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Another blow to the Normandy School District. The Post-Dispatch reports that the Missouri House rejected a spending bill that would provide the district with $1.5 million to keep schools open for the rest of the school year. The money is part of a $327 million supplemental budget bill that was unanimously passed by the Senate. The House and Senate will have a joint committee to resolve the differences. Without the funds, Normandy is likely to run out of money by next month.

Published in Local News
JEFFERSON CITY, Mo. (AP) - Missouri's transportation chief is warning that the state won't have enough money to maintain its roads in a few years.
 
The state's construction budget for roads and bridges has fallen from about $1.3 billion annually five years ago to $685 million this year. Transportation Department Director Dave Nichols said Thursday that the annual road-and-bridge budget is projected to fall to about $325 million in 2017.
 
That's considerably shy of the $485 million annually that Nichols says it takes to maintain the highway system in its current condition.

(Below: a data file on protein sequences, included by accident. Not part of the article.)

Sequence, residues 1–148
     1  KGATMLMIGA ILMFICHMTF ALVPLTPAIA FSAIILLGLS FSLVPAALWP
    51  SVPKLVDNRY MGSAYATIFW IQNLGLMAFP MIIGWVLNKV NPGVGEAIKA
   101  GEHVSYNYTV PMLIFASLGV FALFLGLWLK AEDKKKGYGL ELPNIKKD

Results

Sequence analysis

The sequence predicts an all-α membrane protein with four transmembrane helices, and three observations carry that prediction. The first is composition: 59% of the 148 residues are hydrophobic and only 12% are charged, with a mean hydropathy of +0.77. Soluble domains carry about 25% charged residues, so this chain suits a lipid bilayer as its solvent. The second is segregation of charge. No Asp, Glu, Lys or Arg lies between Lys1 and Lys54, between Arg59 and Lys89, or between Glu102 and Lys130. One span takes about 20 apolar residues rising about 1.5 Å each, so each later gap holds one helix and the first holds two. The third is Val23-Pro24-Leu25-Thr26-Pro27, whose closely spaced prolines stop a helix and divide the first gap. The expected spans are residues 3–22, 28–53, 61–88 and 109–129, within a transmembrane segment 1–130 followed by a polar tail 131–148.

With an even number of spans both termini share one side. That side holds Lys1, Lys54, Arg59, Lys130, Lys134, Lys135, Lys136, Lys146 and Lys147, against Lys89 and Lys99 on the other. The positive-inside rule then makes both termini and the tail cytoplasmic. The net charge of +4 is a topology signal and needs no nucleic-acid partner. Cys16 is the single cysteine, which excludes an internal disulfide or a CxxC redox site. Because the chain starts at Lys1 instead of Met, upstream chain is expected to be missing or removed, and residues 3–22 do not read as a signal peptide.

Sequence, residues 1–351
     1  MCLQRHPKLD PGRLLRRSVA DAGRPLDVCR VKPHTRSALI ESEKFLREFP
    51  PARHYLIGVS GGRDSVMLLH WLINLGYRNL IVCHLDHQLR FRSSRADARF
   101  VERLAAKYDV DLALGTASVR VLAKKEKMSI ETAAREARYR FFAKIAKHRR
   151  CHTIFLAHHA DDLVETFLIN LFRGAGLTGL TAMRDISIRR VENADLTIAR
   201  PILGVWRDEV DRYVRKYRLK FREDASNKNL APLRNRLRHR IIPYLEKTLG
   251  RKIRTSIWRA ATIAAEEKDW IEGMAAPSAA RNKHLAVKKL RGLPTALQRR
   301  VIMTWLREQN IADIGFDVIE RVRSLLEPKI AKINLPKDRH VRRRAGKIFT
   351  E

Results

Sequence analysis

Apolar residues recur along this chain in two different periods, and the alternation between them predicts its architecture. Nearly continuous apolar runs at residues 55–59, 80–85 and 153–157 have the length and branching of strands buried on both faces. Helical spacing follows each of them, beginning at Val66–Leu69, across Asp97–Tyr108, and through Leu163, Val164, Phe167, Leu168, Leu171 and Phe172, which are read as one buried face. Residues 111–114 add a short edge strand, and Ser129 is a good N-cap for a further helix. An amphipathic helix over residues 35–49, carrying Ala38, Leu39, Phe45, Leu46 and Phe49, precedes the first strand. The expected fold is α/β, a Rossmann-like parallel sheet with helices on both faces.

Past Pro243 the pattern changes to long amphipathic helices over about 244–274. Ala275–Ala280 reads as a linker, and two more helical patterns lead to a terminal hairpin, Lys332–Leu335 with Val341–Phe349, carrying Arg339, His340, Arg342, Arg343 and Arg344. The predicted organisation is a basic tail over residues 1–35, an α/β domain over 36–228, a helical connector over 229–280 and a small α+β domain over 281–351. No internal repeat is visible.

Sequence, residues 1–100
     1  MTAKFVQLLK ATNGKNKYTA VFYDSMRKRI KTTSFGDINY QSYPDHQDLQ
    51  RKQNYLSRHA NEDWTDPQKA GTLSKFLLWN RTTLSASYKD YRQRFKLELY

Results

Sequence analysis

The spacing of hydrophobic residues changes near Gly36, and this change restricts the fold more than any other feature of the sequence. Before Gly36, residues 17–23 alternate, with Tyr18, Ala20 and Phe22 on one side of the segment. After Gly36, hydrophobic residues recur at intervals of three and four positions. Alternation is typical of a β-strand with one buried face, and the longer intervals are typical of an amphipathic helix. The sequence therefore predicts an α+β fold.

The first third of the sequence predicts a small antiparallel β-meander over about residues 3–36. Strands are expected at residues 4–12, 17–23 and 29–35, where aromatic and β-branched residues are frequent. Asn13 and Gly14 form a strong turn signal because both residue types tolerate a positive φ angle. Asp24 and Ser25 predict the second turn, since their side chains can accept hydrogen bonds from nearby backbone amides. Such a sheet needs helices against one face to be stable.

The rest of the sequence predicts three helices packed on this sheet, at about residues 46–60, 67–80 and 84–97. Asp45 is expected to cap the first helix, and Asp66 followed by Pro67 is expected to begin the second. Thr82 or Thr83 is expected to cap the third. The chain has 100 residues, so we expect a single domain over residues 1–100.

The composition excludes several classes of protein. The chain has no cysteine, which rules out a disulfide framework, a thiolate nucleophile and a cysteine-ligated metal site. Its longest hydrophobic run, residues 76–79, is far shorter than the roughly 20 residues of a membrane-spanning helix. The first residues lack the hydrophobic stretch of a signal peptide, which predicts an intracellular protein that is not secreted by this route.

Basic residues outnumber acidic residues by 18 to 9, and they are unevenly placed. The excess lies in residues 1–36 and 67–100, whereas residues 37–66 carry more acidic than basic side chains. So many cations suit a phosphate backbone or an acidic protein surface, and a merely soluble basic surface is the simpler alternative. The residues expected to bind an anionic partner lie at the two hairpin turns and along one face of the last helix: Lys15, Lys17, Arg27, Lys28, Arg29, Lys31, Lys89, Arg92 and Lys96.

Nichols spoke at a transportation conference in Jefferson City hosted by the Missouri Chamber of Commerce and Industry.
 
Some of those at the conference are pushing a proposed ballot initiative that would ask voters to impose a 1-cent sales tax for transportation.
 
Published in Local News

A $1 million grant was awarded to metro area law enforcement to assist in efforts to aid in the prosecution of sex trafficking suspects.

The grant is courtesy of the US Department of Justice. Funds will be split between helping victims of trafficking and the prosecution of trafficking crimes. St. Louis County Police and St. Charles County Police are sharing the money with three social service groups.

Missouri is one of only six groups being awarded the grant nationwide.

Published in Local News
Wednesday, 21 August 2013 17:21

Feds running out of money to fight wildfires

GRANTS PASS, Ore. (AP) - Running out of money to fight wildfires at the peak of the season, the U.S. Forest Service is diverting $600 million from timber, recreation and other areas to fill the gap.

The nation's top wildfire-fighting agency was down to $50 million after spending $967 million so far this year, Forest Service spokesman Larry Chambers said Wednesday in an email.

Wildfire spending by other federal agencies takes the total to $1.2 billion.

Chambers says the $50 million the Forest Service has left is typically enough to pay for just a few days of fighting fires when the nation is at its top wildfire preparedness level, which went into effect Tuesday.

There are 51 large uncontained fires burning across the nation, making it tough to meet demands for fire crews and equipment.

Published in National News

JEFFERSON CITY, Mo. (AP) — Governor Jay Nixon says low-interest loans will be available to residents and business owners in several eastern Missouri communities hit by damaging weather from May 29th through June 10th.